The researchers explained that brain-computer interfaces are an emerging assistive technology,
First time participants in BrainGate clinical trialstested such devices with a wireless transmitter. The system is capable of transmitting brain signals without physically binding the user to the decoding system. The researchers replaced traditional cables with a small transmitter, measuring only a few centimeters and weighing 42 grams. The device was mounted on top of the user's head and connected to an electrode array inside the motor cortex.
Scientists have identified 13 previously unknown mutations associated with Alzheimer's disease
In clinical trials, two patients with paralysisused the BrainGate system with a wireless transmitter to indicate whether to press buttons or enter text on a standard tablet. The study found that the wireless system transmits signals with almost the same accuracy as wired systems, and the participants achieved the same pointing and typing accuracy.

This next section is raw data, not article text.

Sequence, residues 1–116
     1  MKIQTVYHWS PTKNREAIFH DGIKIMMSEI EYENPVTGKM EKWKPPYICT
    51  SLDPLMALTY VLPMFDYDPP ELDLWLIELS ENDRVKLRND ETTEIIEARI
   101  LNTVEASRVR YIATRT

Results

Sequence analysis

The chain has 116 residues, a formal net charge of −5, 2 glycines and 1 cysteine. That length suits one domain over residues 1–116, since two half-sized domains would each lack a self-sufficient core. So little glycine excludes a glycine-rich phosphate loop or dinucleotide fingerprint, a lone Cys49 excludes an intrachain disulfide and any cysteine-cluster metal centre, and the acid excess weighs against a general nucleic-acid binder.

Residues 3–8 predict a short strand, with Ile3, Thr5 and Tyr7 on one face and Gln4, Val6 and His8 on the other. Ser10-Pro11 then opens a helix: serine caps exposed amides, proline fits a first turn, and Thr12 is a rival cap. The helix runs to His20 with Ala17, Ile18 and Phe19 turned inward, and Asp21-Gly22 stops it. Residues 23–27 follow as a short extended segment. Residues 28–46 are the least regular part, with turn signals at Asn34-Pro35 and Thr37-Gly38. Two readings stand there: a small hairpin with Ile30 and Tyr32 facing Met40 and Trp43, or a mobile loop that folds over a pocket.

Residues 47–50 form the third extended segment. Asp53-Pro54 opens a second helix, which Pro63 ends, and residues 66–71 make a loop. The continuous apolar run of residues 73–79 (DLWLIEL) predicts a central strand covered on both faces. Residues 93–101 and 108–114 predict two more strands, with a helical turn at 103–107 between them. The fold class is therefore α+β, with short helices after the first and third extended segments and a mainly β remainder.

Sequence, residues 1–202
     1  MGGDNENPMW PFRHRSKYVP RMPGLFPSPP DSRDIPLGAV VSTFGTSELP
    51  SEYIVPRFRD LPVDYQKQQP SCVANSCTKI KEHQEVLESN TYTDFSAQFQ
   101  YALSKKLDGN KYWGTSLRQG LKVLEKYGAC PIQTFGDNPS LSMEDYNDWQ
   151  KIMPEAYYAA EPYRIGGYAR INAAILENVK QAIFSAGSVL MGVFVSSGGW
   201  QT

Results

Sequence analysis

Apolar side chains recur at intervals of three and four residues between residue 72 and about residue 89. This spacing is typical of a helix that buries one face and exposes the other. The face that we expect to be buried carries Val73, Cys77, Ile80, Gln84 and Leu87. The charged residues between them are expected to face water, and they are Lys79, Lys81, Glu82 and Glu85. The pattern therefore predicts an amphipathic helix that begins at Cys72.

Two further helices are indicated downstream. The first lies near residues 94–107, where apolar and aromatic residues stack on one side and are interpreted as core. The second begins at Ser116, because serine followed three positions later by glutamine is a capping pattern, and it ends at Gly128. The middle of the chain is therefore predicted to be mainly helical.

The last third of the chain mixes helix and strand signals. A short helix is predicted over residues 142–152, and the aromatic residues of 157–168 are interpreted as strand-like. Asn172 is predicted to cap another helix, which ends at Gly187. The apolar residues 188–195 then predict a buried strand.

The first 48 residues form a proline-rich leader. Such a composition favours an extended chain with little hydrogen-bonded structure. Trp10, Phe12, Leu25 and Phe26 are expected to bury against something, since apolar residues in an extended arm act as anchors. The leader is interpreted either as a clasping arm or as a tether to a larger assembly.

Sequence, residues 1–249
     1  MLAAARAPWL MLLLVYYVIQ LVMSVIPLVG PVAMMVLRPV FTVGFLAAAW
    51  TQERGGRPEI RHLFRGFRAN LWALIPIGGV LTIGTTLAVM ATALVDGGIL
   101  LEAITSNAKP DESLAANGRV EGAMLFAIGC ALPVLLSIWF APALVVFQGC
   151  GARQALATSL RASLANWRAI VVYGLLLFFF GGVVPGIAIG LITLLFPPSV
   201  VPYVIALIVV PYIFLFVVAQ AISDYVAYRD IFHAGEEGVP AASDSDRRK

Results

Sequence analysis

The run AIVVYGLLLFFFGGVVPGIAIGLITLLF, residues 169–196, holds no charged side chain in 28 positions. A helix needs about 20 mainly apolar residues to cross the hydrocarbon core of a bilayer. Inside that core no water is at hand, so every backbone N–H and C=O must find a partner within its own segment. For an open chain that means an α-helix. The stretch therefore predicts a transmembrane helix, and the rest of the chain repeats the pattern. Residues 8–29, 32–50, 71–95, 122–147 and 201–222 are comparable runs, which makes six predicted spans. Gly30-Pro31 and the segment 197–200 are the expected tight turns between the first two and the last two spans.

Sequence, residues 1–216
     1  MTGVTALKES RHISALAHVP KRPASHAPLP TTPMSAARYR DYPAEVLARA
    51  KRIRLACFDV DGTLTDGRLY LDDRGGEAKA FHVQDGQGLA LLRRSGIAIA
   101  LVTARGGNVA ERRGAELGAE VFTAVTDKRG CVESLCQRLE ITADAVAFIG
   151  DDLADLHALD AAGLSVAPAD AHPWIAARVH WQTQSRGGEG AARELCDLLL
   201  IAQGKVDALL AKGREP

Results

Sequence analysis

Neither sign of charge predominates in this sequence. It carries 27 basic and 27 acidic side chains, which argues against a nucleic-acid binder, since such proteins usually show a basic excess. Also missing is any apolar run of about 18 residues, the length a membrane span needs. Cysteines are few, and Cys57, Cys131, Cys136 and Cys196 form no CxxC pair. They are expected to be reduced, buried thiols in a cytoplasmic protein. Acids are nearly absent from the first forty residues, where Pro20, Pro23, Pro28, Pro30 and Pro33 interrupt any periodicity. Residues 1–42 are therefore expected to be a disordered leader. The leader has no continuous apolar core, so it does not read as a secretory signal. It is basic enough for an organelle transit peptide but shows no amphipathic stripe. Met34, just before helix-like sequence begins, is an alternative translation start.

“We have demonstrated that this wirelessthe system is functionally equivalent to wired systems, which have been the gold standard for many years, ”said John Semeral, assistant professor of engineering at Brown University in the United States. - Signals are recorded and transmitted with similar accuracy, which means that we can use the same decoding algorithms that we used for wired equipment. The only difference is that people no longer need to be physically attached to our equipment, which opens up new possibilities in terms of using the system. "
- Created the first accurate map of the world. What's wrong with everyone else?
- The algorithm has discovered a new mysterious layer inside the Earth
- Uranus has received the status of the strangest planet in the solar system. Why?